Benjamin frowned. If this was really all the man knew, then the queen could be anywhere within a 100-mile radius. This wasn't terribly useful, but it was better then nothing. Benjamin believed the faye. This was all of the information he was going to get.

"Well, that wasn't so hard, was it? Now.. we're done here," he concluded. One of the raiders nodded and raised his mace behind the faye's head. Benjamin motioned for him to stop. "Hold it! Maybe a raider kills a man without looking him in the eyes, but I've a different way of doing things," he snapped. The raider frowned and lowered his mace slowly, a little disappointed. Benjamin drew his own dagger and leaned over the faye in the chair. "Listen, this wasn't easy for any us. You were tough, and I admire you for that... That makes what I have to do that much harder, eh? Unfortunately, I can't trust you to keep quiet about what's transpired here. I'm unpopular enough as it is," he explained. He did his best to speak gently, but the faye was getting visibly upset, wriggling to try and get loose of the ropes. Benjamin wanted him to calm down, but he realized, given the circumstances, that this was unlikely. It would be best for the faye to get this over with quickly. So he took a deep breath, embraced the faye to stop his squirming, and plunged the dagger into his chest. The death was quick. Benjamin held the embrace for a few moments, then withdrew quickly. He stood still awhile longer, silence out of respect for the dead faye. It really wasn't fair, after all. Finally, he turned to the raiders, wiping his bloody dagger with the handkerchief.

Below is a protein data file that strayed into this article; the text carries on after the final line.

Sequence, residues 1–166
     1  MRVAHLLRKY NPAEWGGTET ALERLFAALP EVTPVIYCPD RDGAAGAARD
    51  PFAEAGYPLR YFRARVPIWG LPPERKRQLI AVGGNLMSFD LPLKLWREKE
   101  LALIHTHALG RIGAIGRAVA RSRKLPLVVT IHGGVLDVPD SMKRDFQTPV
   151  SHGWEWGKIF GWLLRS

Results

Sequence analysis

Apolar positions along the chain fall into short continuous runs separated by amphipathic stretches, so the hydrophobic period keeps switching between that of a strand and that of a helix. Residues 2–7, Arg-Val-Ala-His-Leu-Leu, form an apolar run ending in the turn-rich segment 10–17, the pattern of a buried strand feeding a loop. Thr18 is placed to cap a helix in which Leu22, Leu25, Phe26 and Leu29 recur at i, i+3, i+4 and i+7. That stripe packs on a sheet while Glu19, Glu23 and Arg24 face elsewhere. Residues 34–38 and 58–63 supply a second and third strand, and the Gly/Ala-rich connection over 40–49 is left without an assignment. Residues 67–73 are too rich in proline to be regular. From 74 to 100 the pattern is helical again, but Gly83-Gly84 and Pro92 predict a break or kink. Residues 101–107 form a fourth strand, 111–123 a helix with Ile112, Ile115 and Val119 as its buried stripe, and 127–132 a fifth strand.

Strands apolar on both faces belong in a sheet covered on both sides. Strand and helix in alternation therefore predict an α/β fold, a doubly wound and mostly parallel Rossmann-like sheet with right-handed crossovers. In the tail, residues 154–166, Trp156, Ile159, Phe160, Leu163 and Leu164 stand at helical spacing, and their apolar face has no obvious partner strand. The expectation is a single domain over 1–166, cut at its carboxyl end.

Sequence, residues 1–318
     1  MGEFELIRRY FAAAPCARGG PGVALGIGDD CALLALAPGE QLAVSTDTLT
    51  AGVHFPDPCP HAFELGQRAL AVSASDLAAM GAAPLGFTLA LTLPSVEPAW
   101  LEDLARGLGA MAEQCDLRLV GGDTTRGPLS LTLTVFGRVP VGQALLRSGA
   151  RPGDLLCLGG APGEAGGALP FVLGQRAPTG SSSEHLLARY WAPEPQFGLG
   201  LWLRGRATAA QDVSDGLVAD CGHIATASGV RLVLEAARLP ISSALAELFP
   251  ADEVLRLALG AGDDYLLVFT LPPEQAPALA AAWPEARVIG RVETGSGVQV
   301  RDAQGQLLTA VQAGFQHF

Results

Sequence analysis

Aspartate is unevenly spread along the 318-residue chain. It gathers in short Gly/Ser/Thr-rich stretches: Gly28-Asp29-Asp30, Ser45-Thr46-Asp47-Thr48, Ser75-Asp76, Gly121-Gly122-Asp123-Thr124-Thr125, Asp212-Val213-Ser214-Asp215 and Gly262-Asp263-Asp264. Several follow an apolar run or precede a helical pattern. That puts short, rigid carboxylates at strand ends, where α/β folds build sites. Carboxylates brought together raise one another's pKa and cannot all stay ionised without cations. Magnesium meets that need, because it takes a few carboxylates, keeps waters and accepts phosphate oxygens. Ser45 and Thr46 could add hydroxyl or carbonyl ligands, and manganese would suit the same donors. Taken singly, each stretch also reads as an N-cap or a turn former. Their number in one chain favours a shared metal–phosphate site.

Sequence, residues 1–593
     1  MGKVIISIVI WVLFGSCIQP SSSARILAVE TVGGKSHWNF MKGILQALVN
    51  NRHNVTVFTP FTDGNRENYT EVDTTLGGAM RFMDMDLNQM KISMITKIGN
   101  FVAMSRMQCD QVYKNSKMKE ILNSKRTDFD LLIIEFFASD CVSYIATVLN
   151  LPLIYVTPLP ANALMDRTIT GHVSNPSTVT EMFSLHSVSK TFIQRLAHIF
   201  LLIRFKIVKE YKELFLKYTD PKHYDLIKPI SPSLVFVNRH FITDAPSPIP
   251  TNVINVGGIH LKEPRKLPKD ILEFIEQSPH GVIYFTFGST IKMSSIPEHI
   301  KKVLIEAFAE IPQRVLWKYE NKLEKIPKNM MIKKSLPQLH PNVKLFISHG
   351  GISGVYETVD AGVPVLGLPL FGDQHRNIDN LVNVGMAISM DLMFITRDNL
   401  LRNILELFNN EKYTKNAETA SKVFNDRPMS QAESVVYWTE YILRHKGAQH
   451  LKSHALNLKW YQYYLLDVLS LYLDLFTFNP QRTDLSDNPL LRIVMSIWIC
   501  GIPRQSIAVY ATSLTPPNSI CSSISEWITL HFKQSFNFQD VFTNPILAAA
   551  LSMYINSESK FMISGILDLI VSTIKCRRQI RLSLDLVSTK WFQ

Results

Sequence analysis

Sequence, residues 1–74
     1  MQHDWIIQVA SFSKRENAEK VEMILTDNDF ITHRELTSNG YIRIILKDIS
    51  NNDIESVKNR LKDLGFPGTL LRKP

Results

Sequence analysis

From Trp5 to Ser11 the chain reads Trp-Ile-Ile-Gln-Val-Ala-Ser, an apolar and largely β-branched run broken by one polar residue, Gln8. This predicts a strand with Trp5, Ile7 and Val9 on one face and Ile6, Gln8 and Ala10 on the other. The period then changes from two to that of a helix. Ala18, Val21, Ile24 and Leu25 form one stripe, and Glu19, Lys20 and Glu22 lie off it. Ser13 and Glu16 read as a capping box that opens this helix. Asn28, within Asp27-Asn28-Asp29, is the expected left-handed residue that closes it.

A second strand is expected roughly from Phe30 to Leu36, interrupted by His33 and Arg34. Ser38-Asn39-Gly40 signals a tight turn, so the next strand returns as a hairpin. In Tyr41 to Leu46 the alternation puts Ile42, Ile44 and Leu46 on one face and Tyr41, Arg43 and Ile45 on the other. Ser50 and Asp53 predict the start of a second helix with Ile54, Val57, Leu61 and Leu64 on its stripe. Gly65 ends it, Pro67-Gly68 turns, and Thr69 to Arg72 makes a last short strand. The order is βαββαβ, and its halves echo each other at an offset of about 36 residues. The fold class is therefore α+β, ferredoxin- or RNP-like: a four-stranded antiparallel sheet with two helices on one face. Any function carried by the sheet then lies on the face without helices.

"So.. this whore is somewhere between Elroot and Nemeutia, eh? We'll bury our friend here, then we better get moving. We have a lot of ground to cover."
"Has there been any new sightings of the Sword?" Rane asked. Her hair was generally a mess this time of morning but she didn't care, her loyalist officers were used to her causality at meetings. "I am sorry Mistress, but the sword is still missing...Let's face it, Chavvah doesn't wish to be found by us and it is still getting help from that Joshua and his so called Category..."